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Five Tips For Effective Web Writing

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5 tips for effective web writing blogging

Writing is tough, writing every day is even tougher. Too make it even more difficult writing for the web, or blogging, is a whole different animal then writing a term paper. To make the process simpler and hopefully less intimidating here are 5 tips to make your writing more effective on the web.

1. Who are you writing for?

As the writer, you are the tour guide for your website. Your job is to draw visitors in and to keep their attention so that they will not click away to another site. Your website is likely to have more than one audience, more than one kind of reader. You may be writing primarily for your peers – other professionals in the same field – but you might also want to educate other visitors about your work. To encourage them to spread the word or contribute to your cause. You need to use language that will communicate to all of your readers. Use the active rather than passive voice as often as possible. Keep your words moving and your reader engaged with simple words and everyday language. Think about what you want your readers to know and what you want them to do. Think about all of your readers all of the time.

2. Keep it short

We read from a screen about 25% more slowly than we read from the page – write half as many words (at most) for online reading as you would for print. Keep your sentences as short as you can stand. Write only one idea per paragraph. Fewer than five lines to a paragraph are fine – as is one line or even one word. Your paragraph is only too short if you’ve left out anything you really wanted your reader to know. You may share some specialized language with your readers – words you are both familiar with – and these can offer useful shortcuts from you to them, but avoid unnecessary jargon and never use a long word where a short word will do. Long or obscure words will not give your writing authority, they will only annoy your readers who will tolerate these far less than in print – and click away in a moment. Stay above the fold: online readers hate to scroll below the screen. Another reason to keep it short.

3. Write to be scanned

Reading from the page can be characterized as reading / studying in a linear sequence.

Reading online can be characterized as scanning / searching in a random sequence.

Online visitors don’t read web pages – they scan them. They scan for key words to take them where they want to go and skip over those parts they care less about. When you write for the web, write to be scanned. Bullet lists are even easier to scan than paragraphs – but readers can only reliably remember 7 to 10 ideas at a time, so keep them short. No more than seven bullets. Internal cues will make it much easier for your readers to find what they’re really interested in. If you segment your writing with sub-headings you will make your material much easier to scan. They will also help you to organize your thinking. Use two or even three levels of headings: an overall page heading plus sub-heads and sub-sub-heads where appropriate. Sub-headings will also make reading easier for visually impaired users with screen readers.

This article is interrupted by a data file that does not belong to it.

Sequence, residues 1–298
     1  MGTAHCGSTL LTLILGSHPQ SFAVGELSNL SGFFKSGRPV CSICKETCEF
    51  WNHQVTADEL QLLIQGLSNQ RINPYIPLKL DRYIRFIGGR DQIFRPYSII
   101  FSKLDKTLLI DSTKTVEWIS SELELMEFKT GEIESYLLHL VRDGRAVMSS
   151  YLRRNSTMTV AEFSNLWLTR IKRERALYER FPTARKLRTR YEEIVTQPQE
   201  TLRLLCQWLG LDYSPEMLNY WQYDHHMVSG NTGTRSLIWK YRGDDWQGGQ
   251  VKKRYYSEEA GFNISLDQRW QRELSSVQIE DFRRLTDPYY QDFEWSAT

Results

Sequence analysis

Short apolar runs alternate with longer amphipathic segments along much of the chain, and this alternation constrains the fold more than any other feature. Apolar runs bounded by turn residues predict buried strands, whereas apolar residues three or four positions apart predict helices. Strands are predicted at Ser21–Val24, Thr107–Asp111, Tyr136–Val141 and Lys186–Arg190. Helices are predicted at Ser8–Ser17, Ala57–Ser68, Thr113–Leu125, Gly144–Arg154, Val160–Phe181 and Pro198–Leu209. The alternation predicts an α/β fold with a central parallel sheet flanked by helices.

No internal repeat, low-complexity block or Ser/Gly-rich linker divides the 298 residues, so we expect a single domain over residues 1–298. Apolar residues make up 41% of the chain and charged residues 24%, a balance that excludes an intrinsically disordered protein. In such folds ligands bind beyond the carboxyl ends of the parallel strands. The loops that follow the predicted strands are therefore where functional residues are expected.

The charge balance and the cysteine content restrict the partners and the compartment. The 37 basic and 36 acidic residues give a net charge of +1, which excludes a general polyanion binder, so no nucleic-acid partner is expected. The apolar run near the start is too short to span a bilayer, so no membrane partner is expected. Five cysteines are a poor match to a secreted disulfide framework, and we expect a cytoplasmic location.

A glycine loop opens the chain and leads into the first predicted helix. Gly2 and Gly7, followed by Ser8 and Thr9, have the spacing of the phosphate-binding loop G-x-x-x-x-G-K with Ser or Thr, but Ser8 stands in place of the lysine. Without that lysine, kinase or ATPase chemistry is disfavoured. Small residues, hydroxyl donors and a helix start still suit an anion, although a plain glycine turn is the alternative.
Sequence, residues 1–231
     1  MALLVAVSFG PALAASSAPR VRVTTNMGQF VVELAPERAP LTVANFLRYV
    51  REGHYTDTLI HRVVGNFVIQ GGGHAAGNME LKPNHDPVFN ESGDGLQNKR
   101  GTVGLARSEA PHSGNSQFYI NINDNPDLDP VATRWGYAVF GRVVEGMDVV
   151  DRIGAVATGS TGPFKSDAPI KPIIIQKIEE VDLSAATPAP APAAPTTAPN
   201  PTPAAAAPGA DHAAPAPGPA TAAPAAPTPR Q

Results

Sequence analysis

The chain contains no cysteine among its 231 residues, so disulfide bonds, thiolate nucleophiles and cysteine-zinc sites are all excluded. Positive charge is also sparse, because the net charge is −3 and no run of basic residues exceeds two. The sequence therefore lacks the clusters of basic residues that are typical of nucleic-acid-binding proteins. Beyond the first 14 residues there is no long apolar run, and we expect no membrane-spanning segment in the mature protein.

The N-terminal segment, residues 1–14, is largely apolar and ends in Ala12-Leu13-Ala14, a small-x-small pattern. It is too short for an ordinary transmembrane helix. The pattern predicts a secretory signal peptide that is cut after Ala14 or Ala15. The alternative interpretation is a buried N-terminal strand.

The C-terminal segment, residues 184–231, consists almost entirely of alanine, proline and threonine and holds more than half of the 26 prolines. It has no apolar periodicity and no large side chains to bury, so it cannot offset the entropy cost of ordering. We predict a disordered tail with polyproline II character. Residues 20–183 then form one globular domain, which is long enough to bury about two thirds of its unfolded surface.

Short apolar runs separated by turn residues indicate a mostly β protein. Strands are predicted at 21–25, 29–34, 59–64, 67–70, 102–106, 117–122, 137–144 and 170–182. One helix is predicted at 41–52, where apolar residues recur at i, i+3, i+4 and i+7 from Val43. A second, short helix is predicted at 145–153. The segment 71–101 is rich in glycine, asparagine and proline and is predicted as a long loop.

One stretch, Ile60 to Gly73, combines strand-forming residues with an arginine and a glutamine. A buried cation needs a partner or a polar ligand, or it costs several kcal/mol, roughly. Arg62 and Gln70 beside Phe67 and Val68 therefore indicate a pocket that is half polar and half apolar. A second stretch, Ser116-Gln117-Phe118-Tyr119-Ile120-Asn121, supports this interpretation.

4. Use hyperlinks

Use hyperlinks to break long or complex information into multiple pages. Online readers navigate pages via hyperlinks, which stand out and provide more cues as to what the page is about. If you’re concerned your writing may become too simplistic as it becomes shorter, use hyperlinks to take readers to further information / resources. Keep it short without sacrificing depth by dividing your writing into multiple sections connected by hyperlinks. Each can be brief and yet the full hyperspace can hold much more information than the printed page. Background information can be relegated to these secondary sections. Information of interest to a minority of readers can be made available via a hyperlink without distracting those readers who don’t want it. Divide your writing into coherent pieces that each focus on a single idea. Your reader can then choose the subjects they care about and only download those. Take caution and avoid using too many hyperlinks. You want to keep your reader with you, not be distracted by a rash of other choices.

For more information on using hyperlinks in your blog you might want to read our previous post, Links Should Never Say, “Click Here”.

5. Keep it clean

Take the time to read everything through before you send it live. Typos and spelling errors will undermine your credibility and send readers away from your pages.
Proofread everything before you post it to the web.

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